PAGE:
"To be an actor, I think, must be dreadful. He is the most vulnerable of artists. When he offers his skill to the public judgment, he offers himself entire, and no detail of his appearance is exempt from the general scrutiny. Hid stride, his voice, the very shape of his nose may be called into question by the critical spectator. No other artist is similarly exposed. No lady poet, for instance, need fear that her romantic sonnets will be condemned merely because she happens to be a trifle fat, or a novelist worry lest his narrative of barracks life be rejected on the ground that his receding chin and shrill little laugh do not harmonize with his use of manly obscenities. Yet the actor, be ever so talented, is commonly expected to meet physical requirements that are infinitely more exacting than these. And since he is himself the medium through which he expresses his art, any critical attack on his performance is, in a sense, an attack upon his person."
I am nearing the end of Tomalin's Thomas Hardy. She mentions Hardy's lovely lyric "When I set out for Lyonnesse." When I saw the title my memory immediately dug up the next line "With magic in my eyes." Now, I think the only time I read that poem was in an Edwardian literature class at Wisconsin back around 1969, so I surprised myself by remembering that second line.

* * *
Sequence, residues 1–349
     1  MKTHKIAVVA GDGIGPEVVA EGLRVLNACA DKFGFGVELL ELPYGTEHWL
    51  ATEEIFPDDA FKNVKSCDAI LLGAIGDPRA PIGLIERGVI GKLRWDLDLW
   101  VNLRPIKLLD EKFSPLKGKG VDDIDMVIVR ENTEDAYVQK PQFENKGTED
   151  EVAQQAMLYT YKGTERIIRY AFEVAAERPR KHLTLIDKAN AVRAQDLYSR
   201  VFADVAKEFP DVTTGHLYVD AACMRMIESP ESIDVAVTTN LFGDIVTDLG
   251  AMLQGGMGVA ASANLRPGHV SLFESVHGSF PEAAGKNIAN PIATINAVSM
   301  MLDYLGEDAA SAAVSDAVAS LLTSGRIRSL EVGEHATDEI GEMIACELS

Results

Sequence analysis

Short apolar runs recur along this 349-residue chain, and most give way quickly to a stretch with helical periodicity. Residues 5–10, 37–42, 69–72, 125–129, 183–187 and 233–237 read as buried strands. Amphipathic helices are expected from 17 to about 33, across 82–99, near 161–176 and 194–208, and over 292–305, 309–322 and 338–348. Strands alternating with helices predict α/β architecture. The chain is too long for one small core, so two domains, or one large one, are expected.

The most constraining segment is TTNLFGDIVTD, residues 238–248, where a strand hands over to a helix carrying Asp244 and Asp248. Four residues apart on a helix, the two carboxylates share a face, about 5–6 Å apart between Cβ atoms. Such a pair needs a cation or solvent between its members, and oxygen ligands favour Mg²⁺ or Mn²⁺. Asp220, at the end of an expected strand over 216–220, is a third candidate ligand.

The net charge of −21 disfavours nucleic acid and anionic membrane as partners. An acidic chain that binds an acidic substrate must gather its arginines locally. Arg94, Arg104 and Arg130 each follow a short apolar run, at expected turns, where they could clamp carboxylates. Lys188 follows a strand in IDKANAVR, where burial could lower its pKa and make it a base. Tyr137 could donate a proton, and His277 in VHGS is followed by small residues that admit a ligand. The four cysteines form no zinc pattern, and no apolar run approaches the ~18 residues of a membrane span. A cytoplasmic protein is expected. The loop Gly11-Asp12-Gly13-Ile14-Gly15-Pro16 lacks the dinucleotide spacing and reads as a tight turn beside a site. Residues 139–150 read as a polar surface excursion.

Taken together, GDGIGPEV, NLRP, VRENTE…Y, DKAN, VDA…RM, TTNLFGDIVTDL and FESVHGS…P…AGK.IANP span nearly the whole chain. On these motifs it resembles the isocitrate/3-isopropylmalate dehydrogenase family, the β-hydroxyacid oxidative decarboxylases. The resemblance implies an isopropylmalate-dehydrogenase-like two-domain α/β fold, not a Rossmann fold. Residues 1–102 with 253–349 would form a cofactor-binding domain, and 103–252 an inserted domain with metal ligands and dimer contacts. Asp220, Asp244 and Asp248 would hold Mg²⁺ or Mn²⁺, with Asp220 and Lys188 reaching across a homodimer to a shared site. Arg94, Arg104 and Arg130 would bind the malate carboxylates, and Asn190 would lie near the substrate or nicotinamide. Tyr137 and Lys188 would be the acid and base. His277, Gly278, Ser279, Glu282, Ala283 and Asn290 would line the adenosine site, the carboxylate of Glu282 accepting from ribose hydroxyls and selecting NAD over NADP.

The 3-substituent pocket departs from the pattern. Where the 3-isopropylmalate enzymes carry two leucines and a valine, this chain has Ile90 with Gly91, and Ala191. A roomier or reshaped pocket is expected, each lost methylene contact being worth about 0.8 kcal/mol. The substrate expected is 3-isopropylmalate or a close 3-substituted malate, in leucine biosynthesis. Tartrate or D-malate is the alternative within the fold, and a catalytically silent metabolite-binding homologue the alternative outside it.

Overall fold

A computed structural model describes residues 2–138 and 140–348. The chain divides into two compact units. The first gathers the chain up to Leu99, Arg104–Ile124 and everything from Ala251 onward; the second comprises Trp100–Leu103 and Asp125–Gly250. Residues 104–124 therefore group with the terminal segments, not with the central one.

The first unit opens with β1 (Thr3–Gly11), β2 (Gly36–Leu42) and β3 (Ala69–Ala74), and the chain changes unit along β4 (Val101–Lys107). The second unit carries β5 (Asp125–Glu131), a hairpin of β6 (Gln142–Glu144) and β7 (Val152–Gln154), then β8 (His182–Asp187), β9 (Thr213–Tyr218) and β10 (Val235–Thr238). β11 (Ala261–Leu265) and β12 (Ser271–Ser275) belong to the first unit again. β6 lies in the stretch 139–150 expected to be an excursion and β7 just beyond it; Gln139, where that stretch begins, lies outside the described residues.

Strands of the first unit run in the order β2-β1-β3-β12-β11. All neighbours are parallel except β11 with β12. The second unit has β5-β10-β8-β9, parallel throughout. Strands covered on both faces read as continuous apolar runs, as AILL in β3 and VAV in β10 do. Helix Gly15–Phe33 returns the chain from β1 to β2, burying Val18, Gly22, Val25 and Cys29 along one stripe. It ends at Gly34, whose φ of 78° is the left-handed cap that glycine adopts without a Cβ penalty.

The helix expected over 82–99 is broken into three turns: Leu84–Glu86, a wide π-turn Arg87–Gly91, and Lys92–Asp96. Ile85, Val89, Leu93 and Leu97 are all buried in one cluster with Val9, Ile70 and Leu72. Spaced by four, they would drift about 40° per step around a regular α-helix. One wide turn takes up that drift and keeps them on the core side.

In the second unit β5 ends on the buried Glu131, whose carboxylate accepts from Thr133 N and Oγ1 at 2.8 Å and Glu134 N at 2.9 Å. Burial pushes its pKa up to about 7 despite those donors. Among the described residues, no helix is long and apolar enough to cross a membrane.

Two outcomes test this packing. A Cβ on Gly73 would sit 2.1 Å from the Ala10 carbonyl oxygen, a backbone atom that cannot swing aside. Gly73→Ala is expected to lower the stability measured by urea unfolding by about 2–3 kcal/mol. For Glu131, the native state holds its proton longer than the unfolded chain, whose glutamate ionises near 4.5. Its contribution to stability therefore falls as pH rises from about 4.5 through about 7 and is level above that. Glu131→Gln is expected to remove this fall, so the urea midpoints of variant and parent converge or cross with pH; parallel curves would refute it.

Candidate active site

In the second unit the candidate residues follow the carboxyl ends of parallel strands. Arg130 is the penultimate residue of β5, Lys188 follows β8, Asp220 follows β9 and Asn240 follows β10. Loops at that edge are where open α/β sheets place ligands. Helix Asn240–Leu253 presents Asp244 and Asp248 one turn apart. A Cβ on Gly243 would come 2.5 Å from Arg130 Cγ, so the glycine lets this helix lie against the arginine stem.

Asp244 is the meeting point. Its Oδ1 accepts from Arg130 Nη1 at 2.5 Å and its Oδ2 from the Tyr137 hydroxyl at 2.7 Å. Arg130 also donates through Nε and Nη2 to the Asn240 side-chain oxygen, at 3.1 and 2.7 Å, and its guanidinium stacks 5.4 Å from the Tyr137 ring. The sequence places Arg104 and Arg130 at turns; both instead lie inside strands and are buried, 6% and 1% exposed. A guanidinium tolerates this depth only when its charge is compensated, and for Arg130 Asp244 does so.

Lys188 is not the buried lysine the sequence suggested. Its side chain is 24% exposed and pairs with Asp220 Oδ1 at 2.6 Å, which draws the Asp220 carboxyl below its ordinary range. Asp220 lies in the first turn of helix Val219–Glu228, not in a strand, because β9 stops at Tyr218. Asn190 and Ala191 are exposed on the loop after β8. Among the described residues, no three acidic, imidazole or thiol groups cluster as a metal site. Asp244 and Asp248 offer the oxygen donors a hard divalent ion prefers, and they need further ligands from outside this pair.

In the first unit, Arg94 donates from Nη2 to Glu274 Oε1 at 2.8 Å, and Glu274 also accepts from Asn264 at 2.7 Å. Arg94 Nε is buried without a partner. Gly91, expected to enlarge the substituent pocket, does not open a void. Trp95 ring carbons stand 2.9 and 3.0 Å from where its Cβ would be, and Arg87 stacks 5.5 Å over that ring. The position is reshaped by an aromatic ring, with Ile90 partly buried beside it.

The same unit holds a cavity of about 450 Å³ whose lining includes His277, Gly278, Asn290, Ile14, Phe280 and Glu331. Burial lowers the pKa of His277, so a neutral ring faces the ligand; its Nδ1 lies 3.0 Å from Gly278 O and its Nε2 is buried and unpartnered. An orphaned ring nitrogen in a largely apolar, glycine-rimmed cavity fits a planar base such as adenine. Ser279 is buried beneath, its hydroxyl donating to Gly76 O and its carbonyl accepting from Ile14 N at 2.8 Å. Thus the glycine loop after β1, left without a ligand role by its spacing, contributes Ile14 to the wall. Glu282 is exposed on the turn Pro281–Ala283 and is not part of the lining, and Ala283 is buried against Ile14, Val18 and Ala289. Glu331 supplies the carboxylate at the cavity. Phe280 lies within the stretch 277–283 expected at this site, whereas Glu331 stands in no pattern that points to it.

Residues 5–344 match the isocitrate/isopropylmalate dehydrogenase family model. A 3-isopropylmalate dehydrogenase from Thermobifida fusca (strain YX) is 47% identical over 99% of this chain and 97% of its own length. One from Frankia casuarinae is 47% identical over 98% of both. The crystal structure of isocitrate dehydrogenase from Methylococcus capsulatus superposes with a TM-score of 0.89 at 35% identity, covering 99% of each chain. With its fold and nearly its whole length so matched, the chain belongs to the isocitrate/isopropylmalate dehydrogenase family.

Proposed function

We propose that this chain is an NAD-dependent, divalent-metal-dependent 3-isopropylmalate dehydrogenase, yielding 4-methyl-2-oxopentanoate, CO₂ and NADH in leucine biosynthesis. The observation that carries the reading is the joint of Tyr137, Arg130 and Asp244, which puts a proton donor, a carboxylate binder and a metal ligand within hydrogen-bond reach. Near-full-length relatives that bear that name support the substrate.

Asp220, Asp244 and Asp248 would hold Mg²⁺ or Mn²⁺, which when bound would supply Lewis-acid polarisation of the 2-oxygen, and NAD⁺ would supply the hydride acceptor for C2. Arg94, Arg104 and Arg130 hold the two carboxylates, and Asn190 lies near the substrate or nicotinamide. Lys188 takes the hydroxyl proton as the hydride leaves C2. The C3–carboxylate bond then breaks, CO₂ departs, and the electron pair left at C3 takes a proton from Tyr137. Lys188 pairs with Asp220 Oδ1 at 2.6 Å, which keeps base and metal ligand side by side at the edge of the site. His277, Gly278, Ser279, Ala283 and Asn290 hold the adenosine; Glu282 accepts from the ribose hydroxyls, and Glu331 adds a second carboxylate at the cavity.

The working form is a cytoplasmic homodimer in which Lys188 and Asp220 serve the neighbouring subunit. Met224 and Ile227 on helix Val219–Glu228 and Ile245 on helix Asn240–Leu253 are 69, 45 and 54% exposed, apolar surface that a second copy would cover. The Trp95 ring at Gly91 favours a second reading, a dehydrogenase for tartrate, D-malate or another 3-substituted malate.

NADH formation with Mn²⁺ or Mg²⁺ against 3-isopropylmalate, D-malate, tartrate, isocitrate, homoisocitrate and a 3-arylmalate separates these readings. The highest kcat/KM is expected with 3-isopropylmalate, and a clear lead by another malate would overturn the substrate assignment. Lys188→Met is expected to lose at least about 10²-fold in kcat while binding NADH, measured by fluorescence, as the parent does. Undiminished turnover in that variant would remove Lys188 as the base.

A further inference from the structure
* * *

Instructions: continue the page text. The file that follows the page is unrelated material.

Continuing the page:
I decided to reread it, and dug it up on the internet, easy to do. I disappointed myself when the second line was not as I remembered: "When I set out for Lyonnesse,
A hundred miles away" was the actual sequence.
Then I read the last stanza. Guess what? I am not totally gaga, only partially gaga. I was just two stanzas from being right.
Praise God for small mercies.
Zoka, coffee, the last pages of Thomas Hardy.
Charlton Heston is dead at 84. He married his wife in 1944, the year I was born. We are now allowed to take his guns away, out of his cold, dead hands.
Thomas Hardy's second wife Florence was forty years younger than he was. It gives one pause. And I had better stay paused.